History of Palisade

Palisade was named for the austere and dramatic palisades of Mancos Shale north of town. The sculptured appearance of these geologic formations was created by the uplifting of the area combined with localized erosion and the downcutting of the Colorado River.

The first inhabitants of the Grand Valley were Ute Indians, followed by white settlers who began arriving in l881. By l894, the first peach, pear, apple and grape orchards appeared in the area now known as the Vinelands. The soil was rich but rainfall was scarce, so barrels of water were hauled by wagons from the river to water young trees.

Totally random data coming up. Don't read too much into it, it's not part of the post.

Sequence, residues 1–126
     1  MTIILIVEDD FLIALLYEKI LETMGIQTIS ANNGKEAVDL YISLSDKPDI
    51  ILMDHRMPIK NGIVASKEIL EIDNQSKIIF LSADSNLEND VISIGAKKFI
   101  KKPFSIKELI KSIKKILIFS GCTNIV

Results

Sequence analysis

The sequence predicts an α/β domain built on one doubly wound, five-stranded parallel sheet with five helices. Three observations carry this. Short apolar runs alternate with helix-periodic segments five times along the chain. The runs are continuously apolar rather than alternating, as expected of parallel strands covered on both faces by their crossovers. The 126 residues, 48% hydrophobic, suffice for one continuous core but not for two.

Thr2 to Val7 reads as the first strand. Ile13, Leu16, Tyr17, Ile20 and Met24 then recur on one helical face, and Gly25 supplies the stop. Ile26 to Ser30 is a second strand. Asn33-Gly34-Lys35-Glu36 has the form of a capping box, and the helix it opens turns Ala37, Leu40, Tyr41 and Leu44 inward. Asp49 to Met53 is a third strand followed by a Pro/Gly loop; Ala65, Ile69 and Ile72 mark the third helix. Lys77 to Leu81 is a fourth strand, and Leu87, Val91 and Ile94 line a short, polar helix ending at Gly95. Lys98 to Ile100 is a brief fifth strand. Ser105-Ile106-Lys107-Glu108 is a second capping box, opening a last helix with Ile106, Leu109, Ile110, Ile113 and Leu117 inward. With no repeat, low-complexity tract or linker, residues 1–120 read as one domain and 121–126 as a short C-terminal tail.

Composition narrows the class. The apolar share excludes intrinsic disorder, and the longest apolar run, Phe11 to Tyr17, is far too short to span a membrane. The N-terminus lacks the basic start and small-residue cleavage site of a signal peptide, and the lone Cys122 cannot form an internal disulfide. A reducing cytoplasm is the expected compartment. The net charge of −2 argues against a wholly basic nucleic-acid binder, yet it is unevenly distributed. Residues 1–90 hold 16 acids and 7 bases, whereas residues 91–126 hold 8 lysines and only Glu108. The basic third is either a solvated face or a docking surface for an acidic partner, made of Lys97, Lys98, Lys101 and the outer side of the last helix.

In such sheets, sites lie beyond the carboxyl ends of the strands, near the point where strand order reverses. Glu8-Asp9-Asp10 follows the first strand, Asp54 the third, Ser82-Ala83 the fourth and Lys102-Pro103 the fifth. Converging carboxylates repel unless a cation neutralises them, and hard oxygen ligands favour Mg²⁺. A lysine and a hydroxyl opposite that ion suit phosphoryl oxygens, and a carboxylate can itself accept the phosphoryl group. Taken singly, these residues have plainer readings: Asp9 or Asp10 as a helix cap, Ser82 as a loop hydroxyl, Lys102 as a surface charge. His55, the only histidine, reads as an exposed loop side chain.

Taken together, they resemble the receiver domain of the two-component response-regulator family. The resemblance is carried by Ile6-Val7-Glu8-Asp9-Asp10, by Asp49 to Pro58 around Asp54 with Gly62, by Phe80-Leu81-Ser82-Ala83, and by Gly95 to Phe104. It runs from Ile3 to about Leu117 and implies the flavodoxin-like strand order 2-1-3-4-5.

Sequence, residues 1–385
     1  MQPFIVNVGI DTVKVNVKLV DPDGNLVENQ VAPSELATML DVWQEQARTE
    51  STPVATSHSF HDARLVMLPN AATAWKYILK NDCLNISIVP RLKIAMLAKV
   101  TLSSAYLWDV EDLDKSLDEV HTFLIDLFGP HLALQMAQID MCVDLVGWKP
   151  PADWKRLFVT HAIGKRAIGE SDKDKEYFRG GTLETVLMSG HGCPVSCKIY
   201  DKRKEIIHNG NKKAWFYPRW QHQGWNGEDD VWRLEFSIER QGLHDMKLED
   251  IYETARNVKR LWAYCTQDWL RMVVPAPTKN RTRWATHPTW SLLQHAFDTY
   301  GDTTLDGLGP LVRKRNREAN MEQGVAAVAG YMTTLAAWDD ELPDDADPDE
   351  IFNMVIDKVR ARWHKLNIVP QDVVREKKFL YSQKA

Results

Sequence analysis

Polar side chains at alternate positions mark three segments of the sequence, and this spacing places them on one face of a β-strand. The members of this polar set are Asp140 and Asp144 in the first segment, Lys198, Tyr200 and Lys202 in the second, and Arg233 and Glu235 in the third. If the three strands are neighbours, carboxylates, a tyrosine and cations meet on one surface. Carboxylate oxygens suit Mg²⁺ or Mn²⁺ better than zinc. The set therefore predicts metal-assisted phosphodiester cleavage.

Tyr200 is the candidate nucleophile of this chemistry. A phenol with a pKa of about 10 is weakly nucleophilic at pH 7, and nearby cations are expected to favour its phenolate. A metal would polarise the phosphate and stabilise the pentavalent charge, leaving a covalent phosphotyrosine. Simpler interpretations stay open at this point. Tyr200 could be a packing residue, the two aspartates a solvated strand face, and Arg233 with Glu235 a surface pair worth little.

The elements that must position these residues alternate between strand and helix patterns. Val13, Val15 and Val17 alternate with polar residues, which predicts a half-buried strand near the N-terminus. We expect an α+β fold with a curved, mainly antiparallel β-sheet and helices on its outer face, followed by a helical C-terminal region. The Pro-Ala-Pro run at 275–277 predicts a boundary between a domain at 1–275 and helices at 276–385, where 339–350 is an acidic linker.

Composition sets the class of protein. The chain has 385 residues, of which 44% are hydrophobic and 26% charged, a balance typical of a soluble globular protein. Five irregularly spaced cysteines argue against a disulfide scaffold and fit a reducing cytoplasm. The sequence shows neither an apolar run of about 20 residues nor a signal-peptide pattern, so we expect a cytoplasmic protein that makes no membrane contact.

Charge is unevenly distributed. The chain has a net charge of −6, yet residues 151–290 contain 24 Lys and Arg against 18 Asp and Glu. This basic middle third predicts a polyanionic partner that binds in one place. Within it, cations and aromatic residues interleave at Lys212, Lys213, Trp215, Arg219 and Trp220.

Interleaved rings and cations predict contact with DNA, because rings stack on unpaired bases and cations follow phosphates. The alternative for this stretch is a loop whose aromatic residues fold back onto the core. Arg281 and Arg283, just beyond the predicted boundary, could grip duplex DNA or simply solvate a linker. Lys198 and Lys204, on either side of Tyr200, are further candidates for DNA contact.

In l913 the U.S. Reclamation began construction of a system of irrigation canals to support agricultural efforts. Water from a 480 ft. wide roller dam across the Colorado River diverts water into the 80 miles of irrigation canals which comprise the Highline Canal and Price and Stub Ditches. Click here for the Palisade Historical Society

The local climate is often referred to as “The Banana Belt.” The mild climate and unique terrain create near-perfect peach and grape growing conditions. Winds moving through DeBeque Canyon are compressed and warmed to prevent crop killing frosts in the spring. The climate, a 182-day growing season, and an average 78 percent of sunshine makes Palisade “The Peach Capital of Colorado.”